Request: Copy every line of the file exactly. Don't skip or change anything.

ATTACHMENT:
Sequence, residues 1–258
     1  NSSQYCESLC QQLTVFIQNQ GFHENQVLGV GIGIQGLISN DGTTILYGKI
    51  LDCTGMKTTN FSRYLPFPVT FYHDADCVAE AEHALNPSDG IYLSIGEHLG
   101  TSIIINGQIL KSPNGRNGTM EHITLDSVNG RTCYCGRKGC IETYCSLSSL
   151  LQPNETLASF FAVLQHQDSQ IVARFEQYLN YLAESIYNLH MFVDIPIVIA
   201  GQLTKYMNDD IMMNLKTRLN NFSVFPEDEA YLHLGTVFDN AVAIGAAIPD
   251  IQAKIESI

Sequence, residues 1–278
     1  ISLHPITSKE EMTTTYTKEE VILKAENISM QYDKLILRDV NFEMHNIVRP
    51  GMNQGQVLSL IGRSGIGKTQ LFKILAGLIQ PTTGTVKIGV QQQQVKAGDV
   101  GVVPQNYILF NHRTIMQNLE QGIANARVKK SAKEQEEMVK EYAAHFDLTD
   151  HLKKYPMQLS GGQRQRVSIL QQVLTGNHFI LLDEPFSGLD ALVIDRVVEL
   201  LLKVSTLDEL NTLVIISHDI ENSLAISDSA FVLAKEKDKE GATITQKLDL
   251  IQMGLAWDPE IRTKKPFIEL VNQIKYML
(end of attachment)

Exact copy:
Sequence, residues 1–258
     1  NSSQYCESLC QQLTVFIQNQ GFHENQVLGV GIGIQGLISN DGTTILYGKI
    51  LDCTGMKTTN FSRYLPFPVT FYHDADCVAE AEHALNPSDG IYLSIGEHLG
   101  TSIIINGQIL KSPNGRNGTM EHITLDSVNG RTCYCGRKGC IETYCSLSSL
   151  LQPNETLASF FAVLQHQDSQ IVARFEQYLN YLAESIYNLH MFVDIPIVIA
   201  GQLTKYMNDD IMMNLKTRLN NFSVFPEDEA YLHLGTVFDN AVAIGAAIPD
   251  IQAKIESI

Sequence, residues 1–278
     1  ISLHPITSKE EMTTTYTKEE VILKAENISM QYDKLILRDV NFEMHNIVRP
    51  GMNQGQVLSL IGRSGIGKTQ LFKILAGLIQ PTTGTVKIGV QQQQVKAGDV
   101  GVVPQNYILF NHRTIMQNLE QGIANARVKK SAKEQEEMVK EYAAHFDLTD
   151  HLKKYPMQLS GGQRQRVSIL QQVLTGNHFI LLDEPFSGLD ALVIDRVVEL
   201  LLKVSTLDEL NTLVIISHDI ENSLAISDSA FVLAKEKDKE GATITQKLDL
   251  IQMGLAWDPE IRTKKPFIEL VNQIKYML